tourism, petroleum refining, watch assembly, rum distilling, construction, pharmaceuticals, textiles, electronics
Industrial production growth rate:

Electricity - production:

1.04 billion kWh (2003)
Electricity - consumption:
967.3 million kWh (2003)
Electricity - exports:

0 kWh (2003)
Electricity - imports:

0 kWh (2003)
Oil - production:
14,650 bbl/day (2003 est.)
Oil - consumption:

105,000 bbl/day (2003 est.)
Oil - exports:

NA bbl/day
Oil - imports:

NA bbl/day
Natural gas - production:
0 cu m (2003 est.)
Natural gas - consumption:
0 cu m (2003 est.)
$4.234 billion $NA
Exports - commodities:
refined petroleum products
Exports - partners:

US, Puerto Rico (2004)
$4.609 billion $NA
Imports - commodities:
crude oil, foodstuffs, consumer goods, building materials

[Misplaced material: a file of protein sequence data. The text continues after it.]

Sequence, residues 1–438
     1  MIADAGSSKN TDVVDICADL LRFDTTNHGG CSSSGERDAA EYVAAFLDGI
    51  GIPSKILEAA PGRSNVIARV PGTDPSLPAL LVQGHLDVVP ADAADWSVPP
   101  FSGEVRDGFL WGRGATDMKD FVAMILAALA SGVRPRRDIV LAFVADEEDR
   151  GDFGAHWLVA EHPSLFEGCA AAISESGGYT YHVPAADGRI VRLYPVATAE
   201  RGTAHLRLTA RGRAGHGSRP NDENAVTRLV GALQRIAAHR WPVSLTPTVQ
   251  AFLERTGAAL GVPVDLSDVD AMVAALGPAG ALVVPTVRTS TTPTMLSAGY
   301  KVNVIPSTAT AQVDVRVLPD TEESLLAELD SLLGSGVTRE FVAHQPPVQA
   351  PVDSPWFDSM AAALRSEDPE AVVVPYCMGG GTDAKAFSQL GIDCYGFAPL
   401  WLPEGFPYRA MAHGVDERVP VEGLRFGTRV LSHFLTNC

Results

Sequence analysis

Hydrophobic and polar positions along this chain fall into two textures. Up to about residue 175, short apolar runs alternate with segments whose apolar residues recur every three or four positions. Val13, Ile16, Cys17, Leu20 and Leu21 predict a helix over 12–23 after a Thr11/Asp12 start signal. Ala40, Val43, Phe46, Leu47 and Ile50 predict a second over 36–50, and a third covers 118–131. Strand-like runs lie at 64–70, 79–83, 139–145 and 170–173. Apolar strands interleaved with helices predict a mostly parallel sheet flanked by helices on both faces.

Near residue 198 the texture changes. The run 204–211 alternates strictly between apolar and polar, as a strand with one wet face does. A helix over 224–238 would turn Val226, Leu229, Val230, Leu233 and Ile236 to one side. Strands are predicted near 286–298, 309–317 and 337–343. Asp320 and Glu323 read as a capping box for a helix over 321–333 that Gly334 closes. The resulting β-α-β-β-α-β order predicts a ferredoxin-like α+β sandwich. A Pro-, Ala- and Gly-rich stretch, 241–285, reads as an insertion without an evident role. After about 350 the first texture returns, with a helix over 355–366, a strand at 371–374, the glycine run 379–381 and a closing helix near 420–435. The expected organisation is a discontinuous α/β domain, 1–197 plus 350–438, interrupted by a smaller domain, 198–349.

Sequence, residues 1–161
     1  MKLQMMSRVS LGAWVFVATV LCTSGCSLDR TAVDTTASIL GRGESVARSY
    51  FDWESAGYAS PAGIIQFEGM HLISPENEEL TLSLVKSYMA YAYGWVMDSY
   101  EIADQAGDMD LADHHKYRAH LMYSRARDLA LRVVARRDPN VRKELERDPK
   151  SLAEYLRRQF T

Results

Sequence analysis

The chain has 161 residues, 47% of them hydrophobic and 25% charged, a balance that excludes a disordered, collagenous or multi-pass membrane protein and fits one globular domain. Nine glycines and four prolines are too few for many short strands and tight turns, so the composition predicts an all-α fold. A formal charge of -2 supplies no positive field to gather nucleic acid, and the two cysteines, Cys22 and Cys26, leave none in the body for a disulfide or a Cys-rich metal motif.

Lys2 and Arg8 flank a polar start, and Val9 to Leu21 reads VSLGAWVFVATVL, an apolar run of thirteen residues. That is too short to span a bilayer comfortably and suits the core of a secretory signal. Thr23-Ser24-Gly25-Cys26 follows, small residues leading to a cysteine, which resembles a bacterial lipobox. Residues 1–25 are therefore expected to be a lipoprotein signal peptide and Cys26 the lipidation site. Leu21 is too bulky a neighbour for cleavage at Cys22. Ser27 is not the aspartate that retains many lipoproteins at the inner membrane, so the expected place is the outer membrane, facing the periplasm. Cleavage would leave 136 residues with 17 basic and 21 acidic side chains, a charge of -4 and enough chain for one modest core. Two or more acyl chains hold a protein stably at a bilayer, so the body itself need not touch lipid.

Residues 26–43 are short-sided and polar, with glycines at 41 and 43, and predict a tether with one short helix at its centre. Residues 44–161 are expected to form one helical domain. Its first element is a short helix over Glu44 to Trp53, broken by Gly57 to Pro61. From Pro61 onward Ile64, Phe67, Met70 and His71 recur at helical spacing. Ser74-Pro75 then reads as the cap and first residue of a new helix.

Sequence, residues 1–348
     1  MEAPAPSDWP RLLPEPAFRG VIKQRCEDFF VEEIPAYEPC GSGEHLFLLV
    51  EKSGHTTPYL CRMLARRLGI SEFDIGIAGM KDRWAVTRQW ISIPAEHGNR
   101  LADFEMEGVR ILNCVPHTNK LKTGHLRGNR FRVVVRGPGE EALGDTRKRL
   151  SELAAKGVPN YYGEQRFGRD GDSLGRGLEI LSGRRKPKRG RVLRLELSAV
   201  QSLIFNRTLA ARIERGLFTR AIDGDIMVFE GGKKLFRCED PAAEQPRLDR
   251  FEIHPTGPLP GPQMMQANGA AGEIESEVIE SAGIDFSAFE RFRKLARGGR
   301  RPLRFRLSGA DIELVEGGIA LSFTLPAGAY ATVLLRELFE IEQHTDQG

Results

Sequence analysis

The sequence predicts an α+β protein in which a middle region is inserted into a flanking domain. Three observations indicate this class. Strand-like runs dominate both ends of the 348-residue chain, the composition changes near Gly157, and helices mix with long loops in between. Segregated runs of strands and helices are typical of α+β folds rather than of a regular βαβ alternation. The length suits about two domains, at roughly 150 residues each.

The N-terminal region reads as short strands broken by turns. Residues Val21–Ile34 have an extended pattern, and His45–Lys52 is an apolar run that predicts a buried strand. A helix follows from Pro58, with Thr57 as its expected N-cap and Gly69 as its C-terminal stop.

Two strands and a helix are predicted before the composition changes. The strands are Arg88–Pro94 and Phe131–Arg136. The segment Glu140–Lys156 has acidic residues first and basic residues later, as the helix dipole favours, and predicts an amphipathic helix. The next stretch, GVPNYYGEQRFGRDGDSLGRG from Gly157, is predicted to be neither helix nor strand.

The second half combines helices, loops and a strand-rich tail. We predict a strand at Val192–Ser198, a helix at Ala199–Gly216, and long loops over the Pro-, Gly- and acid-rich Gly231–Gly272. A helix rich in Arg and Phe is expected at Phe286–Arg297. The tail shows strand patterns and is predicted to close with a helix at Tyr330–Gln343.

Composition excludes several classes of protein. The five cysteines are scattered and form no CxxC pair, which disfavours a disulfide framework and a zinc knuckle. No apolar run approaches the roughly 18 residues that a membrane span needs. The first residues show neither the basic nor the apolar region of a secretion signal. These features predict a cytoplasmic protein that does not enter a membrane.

Imports - partners:
US, Puerto Rico (2004)
Debt - external:

Economic aid - recipient:

Currency (code):
US dollar (USD)
Exchange rates:

the US dollar is used
Fiscal year:

1 October - 30 September
   Communications    Virgin Islands Top of Page
Telephones - main lines in use:
70,900 (2004)
Telephones - mobile cellular:

64,200 (2004)
Telephone system:

general assessment: modern system with total digital switching, uses fiber-optic cable and microwave radio relay
domestic: full range of services available
international: country code 1,  area code - 340;  2 submarine cable connections (Taino Carib, Americas-1); satellite earth stations - NA
Radio broadcast stations:

AM 6, FM 16, shortwave 0 (2006)
Television broadcast stations:

5 (2006)
Internet country code:

Internet hosts:

3,855 (2006)
Internet users:

30,000 (2002)
   Transportation    Virgin Islands Top of Page

2 (2006)
Airports - with paved runways:

total: 2
over 3,047 m: 1
1,524 to 2,437 m: 1 (2006)

total: 1,257 km (2004)
Ports and terminals:

Charlotte Amalie, Limetree Bay
   Military    Virgin Islands Top of Page
Military - note:
 defense is the responsibility of the US
   Transnational Issues    Virgin Islands Top of Page